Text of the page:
Phaethon is the son of Helios in Greek mythology. He is the one that begged his father to let him drive the chariot of the sun. Helios reluctantly agrees to let him drive it. His experience proved fatal. What is this myth telling us?
The name Phaethon means “shining one” or “radiant one”, so it is obvious that we are talking about the sun here. His father Helios was the sun in Greek mythology, but are we really talking about the sun? In truth this myth is giving away history and a lesson about your imagination running wild. The scribes of these myths loved to make fantastical stories about history and give it a lesson on life.
What is this history lesson that this myth is showing? This myth was so popular in ancient Greece that it was even put into Plato’s Timaeus. Let’s see what it says…..
“There have been, and will be again, many destructions of mankind arising out of many causes; the greatest have been brought about by the agencies of fire and water, and other lesser ones by innumerable other causes. There is a story that even you [Greeks] have preserved, that once upon a time, Phaethon, the son of Helios, having yoked the steeds in his father’s chariot, because he was not able to drive them in the path of his father, burnt up all that was upon the earth, and was himself destroyed by a thunderbolt. Now this has the form of a myth, but really signifies a declination of the bodies moving in the heavens around the earth, and a great conflagration of things upon the earth, which recurs after long intervals.”
Those of you that know the true history of this earth, know what is going on here. In very ancient times there was a very bright planet in the sky. It was so bright the ancients called it the second sun. The name of this planet was Tiamat. In actuality it was an enormous watery planet that reflected the sun’s light. A cataclysm happened that caused the planet to fall. All that is left of this planet is the asteroid belt. To see what happened you will have to read the Lemurian Magic post. The myth says that Phaethon falling caused a gash in the sky and the deserts to form. This cataclysm did cause the deserts, but it also caused flooding and our weather on this planet. The myth also says Helios refused to take the sun across the sky until the gods talked him back into it. After a cataclysm of this size, it would appear that the sun was not in the sky for a long time, maybe several months.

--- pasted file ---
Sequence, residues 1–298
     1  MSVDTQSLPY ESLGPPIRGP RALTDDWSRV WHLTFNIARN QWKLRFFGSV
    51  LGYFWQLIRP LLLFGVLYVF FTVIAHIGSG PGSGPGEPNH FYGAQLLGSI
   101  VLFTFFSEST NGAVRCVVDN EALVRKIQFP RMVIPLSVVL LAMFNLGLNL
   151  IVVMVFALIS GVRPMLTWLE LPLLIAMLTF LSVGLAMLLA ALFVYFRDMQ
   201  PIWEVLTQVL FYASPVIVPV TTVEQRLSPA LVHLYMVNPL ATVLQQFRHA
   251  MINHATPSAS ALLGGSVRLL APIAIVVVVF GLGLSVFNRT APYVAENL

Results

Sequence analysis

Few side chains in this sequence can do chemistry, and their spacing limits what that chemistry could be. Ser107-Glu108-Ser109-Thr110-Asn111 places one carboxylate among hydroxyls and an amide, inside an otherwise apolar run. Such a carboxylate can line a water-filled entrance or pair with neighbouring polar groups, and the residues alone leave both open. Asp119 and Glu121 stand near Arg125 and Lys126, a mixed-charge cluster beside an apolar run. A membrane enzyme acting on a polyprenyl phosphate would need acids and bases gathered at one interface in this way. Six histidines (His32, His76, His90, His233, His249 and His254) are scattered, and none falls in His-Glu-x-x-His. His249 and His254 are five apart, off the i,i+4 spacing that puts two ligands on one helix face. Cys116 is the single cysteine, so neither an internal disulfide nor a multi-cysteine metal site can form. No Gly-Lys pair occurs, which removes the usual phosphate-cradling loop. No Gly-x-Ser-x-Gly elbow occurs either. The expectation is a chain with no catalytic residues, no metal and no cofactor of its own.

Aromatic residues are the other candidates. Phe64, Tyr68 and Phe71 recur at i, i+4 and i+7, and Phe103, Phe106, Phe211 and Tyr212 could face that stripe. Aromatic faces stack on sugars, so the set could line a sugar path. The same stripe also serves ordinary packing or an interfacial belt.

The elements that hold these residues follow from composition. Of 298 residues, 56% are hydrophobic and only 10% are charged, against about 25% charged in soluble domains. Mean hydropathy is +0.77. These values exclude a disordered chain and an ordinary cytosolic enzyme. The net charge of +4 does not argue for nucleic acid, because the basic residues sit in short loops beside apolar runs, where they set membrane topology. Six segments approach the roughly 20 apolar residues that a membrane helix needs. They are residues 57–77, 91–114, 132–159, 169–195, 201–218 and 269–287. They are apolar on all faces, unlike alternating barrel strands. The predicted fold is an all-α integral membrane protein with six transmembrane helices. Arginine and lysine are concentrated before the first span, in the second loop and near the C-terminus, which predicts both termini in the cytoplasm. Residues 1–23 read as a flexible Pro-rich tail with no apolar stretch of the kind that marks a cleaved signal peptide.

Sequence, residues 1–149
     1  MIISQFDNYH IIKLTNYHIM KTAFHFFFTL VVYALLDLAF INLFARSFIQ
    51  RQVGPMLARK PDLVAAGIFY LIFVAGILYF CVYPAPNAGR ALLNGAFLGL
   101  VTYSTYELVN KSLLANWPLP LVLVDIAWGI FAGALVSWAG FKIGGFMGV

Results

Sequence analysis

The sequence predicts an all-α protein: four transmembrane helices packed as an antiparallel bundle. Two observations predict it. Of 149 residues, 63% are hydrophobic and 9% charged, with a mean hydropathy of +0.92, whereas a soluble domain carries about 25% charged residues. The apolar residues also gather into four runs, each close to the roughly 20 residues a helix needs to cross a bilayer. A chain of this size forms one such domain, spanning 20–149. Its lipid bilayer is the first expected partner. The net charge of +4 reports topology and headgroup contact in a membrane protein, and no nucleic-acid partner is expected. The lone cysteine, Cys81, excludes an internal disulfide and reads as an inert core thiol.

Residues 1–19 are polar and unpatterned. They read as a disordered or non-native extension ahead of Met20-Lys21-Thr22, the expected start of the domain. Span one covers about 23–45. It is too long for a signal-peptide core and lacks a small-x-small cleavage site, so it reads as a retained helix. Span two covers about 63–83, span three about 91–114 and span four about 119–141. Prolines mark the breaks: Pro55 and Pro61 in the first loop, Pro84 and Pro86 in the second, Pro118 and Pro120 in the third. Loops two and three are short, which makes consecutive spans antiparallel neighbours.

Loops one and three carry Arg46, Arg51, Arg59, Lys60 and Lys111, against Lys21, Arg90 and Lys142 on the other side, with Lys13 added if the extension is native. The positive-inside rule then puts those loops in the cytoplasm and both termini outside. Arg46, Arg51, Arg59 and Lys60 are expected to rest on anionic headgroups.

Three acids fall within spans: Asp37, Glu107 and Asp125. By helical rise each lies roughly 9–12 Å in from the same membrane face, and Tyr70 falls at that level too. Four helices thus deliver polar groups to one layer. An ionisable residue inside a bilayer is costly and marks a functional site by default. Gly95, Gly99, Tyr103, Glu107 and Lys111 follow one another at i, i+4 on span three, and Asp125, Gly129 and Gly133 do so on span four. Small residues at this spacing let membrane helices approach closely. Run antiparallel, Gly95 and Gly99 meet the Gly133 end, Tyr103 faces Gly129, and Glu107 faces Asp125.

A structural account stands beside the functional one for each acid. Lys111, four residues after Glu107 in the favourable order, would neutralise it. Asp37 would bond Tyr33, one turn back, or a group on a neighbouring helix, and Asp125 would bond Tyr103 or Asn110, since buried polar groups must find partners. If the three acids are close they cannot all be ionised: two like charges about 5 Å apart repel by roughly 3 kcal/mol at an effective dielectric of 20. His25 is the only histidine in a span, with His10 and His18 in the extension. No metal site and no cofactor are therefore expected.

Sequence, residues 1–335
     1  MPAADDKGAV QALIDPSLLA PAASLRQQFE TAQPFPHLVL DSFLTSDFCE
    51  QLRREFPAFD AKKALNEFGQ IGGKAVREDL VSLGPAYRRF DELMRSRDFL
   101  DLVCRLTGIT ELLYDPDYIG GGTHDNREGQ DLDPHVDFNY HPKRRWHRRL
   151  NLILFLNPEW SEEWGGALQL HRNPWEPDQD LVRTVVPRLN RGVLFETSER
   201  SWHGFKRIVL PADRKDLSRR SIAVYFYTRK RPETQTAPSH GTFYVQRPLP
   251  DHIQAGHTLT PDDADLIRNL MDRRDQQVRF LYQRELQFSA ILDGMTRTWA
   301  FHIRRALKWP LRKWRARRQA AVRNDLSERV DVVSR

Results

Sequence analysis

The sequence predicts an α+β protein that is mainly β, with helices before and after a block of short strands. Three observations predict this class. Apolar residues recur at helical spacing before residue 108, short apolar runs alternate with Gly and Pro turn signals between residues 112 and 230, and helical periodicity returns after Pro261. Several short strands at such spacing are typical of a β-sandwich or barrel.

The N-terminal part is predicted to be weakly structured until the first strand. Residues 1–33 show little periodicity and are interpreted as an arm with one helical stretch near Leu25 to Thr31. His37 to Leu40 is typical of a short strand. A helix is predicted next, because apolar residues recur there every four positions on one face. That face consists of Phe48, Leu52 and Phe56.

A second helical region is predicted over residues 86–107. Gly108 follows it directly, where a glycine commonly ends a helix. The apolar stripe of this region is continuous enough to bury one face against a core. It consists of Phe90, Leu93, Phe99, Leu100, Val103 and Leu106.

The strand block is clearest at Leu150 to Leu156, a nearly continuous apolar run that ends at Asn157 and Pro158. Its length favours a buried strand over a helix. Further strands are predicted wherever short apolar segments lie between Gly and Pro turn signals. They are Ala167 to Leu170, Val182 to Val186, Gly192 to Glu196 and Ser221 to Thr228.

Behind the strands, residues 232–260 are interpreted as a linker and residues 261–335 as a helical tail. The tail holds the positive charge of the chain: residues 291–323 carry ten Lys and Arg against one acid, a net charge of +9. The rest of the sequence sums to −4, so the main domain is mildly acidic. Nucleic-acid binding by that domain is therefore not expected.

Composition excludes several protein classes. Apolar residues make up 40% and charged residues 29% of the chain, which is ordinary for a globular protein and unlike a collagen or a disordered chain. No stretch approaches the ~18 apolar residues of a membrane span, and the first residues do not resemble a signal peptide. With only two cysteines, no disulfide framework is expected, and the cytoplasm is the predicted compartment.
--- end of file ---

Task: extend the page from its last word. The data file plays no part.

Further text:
In some versions of the myth it says that Phaethon fell into to the river Eridanus and other versions it says the tears of his sisters made the river. The popular meaning for Eridanus is ‘amber’. However if you take and separate this word to “Eri” and “Danus”, it becomes very enlightening. “Eri” means ‘my awake one’ or ‘my guardian’. This ‘Danus’ is what jumped out at me. This word has to do with the Tuatha de Danaan, or the people of the Goddess Danu. This name is so important that a Pharaoh of Egypt changed his name to Dannus, which is not a far cry from Danus(See Patriarch Pharaohs). In my research I have shown that this name has to do with Lilith(See Lemurian Magic). Make no mistake, these scribes loved to use word play to hide true events in plain sight. This myth is pointing to the destruction of Tiamat and the war of the gods.
What is the lesson the scribes put in this myth? The myth is basically saying “Don’t let your imagination run astray with your horses of passion”. You have to keep yourself grounded in this world because errant and unreasoned fantasies of a misdirected imagination are hazardous. Intellect must stand guard to hold the soul on the path of safety. That is what the thunderbolt that Zeus throws at Phaethon symbolizes. Phaethon losing control is his imagination running wild, so Zeus throws the intellect at him to bring reason back. To get to the truth you have to use your intellect. We have to keep in mind the natural laws of this world.
In some versions of the myth it says that the scorching of the earth caused the Ethiopians to have dark skin. I think this is a later interpolation because it is just as ridiculous as the Cain and Abel myth.